I think moving wp-content is fine if you have reason. If not, you could be asking for trouble if your theme or plugins are not using the proper functions to access wp-content resources. If everyone is following the rules, then you will not have any serious problems. Unless you've hardcoded paths in your own code :) All code should be using path functions that get information from the constants WP_CONTENT_DIR and WP_CONTENT_URL.

    All the paths in post content can be a big issue. A different wp-content folder is best done on a fresh site. If not, you could let wp-content remain, and just start using a different content location. You are then only moving themes and plugins, not images and other resources. O you could create a rewrite rule to correct any requests for the old location. Or you can globally edit your DB to bring all the old paths up to date. Because some paths could be stored in serialized arrays, you should not do this unless you really know what you're doing. Fortunately, there is a tool meant for moving data to a new site that can be used to do this somewhat safely. Of course you backup everything before doing anything to your DB.

    I'm unsure just how far you can move the folder, I believe anywhere on your server that's publicly accessible will work. I have moved the folder on one of my installations, but it's still at the same level, so any errant relative references will still work. There shouldn't be relative references though. So I've really only renamed the folder, not effectively moved it. There remains a wp-content folder that is not used.

    Why? Probably the main reason the folder gets moved for anyone and possibly the reason moving was allowed in the first place. For Subversion version management. I can leave wp-content exactly as it is on the subversion server and still customize my installation. As far as Subversion is concerned, I haven't changed a thing. As far as the WordPress installation is concerned, it's highly customized.

    But unless you want to run a bleeding edge installation matched to the core trunk files, the rationale to move diminishes quickly. Some people move or rename it to obfuscate the fact their site is based on WordPress, usually in a misguided attempt to deter hackers and spammers. A form of security by obscurity (an oxymoron).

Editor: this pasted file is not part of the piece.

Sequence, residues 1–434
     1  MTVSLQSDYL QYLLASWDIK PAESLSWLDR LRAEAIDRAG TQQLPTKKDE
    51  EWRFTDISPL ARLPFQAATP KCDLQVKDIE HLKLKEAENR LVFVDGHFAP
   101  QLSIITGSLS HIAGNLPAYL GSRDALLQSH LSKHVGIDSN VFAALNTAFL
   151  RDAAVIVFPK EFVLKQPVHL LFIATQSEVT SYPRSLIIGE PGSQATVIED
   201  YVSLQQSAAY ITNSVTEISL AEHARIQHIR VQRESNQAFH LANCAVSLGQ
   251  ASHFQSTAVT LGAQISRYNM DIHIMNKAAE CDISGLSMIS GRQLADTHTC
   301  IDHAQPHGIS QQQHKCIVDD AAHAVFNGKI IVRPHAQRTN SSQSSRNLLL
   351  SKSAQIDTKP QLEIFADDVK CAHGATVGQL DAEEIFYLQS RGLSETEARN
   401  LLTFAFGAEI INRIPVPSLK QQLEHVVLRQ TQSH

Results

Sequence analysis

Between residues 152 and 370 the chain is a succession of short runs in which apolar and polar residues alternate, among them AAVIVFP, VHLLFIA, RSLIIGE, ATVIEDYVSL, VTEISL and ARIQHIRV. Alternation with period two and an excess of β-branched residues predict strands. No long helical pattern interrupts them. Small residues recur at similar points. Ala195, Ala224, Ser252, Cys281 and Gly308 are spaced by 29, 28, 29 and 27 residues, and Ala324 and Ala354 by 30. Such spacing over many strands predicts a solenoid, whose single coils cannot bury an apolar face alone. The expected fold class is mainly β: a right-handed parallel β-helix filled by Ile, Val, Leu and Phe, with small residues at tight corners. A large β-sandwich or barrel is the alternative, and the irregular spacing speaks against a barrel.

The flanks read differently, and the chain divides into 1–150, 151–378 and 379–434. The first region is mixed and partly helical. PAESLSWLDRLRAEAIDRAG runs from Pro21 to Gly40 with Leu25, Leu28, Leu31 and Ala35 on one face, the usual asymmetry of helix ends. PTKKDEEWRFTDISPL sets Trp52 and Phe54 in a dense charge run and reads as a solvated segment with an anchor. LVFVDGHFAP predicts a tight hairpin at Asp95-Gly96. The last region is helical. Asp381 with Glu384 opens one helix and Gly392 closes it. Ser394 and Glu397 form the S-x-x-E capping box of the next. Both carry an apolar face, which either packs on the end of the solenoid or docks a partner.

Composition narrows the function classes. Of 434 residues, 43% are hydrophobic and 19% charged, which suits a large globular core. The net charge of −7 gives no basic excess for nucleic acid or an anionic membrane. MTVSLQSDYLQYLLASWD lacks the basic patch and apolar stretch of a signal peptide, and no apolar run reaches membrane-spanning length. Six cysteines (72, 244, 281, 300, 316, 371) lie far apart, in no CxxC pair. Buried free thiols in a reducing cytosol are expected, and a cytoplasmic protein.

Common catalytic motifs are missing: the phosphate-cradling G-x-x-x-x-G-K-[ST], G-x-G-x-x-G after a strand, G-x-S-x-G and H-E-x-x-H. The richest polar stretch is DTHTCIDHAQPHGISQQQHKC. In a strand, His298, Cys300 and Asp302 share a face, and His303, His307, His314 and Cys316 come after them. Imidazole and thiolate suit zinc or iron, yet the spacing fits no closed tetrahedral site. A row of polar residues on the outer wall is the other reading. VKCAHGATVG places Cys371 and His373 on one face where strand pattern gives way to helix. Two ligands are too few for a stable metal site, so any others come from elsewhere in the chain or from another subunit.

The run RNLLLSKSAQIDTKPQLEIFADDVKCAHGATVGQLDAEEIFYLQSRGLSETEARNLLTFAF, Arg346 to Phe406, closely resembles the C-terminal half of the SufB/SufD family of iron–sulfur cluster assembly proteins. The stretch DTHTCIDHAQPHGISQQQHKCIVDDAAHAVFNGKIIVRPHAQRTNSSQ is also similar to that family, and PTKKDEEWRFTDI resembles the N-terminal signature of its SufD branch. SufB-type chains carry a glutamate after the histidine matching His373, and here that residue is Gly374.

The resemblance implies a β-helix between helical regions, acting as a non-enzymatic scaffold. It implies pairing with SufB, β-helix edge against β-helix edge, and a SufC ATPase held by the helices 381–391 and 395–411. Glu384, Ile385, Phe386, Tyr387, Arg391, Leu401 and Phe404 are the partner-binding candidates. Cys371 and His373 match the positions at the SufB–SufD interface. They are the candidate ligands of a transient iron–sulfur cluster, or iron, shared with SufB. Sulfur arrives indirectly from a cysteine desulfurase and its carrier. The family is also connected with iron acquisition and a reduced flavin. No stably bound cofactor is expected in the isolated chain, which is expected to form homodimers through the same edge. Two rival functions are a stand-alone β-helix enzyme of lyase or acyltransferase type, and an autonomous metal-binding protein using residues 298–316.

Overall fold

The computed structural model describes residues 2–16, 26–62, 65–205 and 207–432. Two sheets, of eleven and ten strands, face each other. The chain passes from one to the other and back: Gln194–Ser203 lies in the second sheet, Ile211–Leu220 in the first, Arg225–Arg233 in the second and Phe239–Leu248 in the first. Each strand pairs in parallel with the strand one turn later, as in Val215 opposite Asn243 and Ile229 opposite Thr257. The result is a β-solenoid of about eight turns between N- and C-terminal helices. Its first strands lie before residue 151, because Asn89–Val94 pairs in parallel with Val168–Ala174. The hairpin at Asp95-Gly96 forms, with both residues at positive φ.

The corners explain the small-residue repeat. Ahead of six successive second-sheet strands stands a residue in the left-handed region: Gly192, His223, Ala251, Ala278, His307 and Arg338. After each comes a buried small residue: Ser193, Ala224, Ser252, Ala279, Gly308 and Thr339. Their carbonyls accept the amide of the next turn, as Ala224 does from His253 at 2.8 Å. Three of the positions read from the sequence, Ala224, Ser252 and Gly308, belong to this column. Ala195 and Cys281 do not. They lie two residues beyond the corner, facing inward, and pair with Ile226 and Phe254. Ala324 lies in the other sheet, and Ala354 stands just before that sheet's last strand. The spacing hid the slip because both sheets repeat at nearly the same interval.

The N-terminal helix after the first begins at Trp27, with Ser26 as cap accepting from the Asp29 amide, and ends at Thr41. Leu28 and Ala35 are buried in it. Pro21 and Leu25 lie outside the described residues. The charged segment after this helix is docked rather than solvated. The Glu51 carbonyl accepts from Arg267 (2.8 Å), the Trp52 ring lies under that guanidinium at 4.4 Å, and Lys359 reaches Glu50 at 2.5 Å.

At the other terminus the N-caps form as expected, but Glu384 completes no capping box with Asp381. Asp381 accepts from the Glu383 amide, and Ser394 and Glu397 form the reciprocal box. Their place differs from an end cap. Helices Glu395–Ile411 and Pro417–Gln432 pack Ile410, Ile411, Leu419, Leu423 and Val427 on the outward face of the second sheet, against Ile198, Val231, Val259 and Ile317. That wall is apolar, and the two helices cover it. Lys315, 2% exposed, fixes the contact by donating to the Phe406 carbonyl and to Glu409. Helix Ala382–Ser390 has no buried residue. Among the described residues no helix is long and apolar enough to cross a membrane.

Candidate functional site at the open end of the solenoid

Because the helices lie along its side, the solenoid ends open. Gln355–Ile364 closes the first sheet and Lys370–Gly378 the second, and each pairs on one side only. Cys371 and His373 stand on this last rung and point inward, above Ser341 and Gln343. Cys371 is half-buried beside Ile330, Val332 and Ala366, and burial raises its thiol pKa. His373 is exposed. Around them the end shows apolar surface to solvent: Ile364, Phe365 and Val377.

Perhaps someone had an existing site and converted it to WordPress. They didn't want to alter their existing file structure and wanted WP to use some of the existing resources. That is a valid, though somewhat rare situation.

    I'm not really thinking of any other reasons, valid or not, except for those in the "because I can" category. What's your reasoning? Or is this just a question from curiosity?

  21. 5ngua
    Member
    Posted 6 months ago #

    So standard Docblock should be:

    /**
    * Text 1
    * Text 2
    */

    But sometime I also see // ** Text ** // , /** Text */... I am confused.

    ----------------------------------------------
    The reason I want to change wp-content:

    (1) Most of big wordpress sites do that. Big sites should have right reasons for that.
    (2) I only can do that easily when my site is still small.

    If someday my site becomes big, I will consider (1) => I will want to have wp-content folder renamed, but because of (2), I want to change it for now.

  22. bcworkz
    Member
    Posted 6 months ago #

    Docblock is a suggested standard. There's no penalty for not using it. Some people prefer a different style. There's lots of people. Therefor you see lots of different styles. It's no different than different colors in clothing, cars, houses, etc. Some communities try to manage what color people's houses are, but there's always deviants that try to do what they want.

    I've never been inclined to do anything just because the big guys do it. I'm not convinced they always know the right reasons. I'd prefer to make my own decisions. Sure, I've made bad decisions. I'm the only one to blame for that. I'm OK with that.

    I suspect the reason big sites move content is either because they converted to WordPress and wished to maintain a certain data structure or some misguided concept of increased security. Don't get me wrong, moving content will deter a bunch of script kiddies. But it's not a real security measure. Serious hackers aren't going to be fooled by such a simple misdirection.

    It sounds like you're keen to do this. That's fine. You may run into issues with poorly written plugins or themes. In a way it's a good thing because you learn who is writing poor code.

  23. 5ngua
    Member
    Posted 6 months ago #

    Eur├ęka, I 've discovered "Block Comment" which has more advantages. I do not understand why people would use "DocBlock". "Block Comment" requires only 1 asterisk at the top, which can help us to save the time, and to read more easily!

    Update: I think the only reason is that phpDocumentor doesn't parse Block Comment. Too bad.

    -------------------------------------------

    I think renaming wp-content will misguide bots, not human. Hackers will use bots to find their targeted sites.

  24. 5ngua
    Member
    Posted 6 months ago #

    Update: I think changing only Uploads folder is more safe to try. Do you think so?

  25. bcworkz
    Member
    Posted 6 months ago #

    I don't think so. Moving the wp-content folder is a built in feature of WP. It's an intentional option and is easy to do. AFAIK not so with just the uploads folder.

    I know there's a plugin that is supposed to do this. It apparently intercepts all file request traffic to/from the original uploads folder and patches the path to reflect the new location. While this may work, it strikes me as plugging a leaking dam with your fingers. You may have things under control for this release, but things could change with any update. You do have unlimited "fingers", but chasing after new leaks could become tiresome at some point.

    My recommendation is to move the entire wp-content structure if you like, or leave the whole thing alone.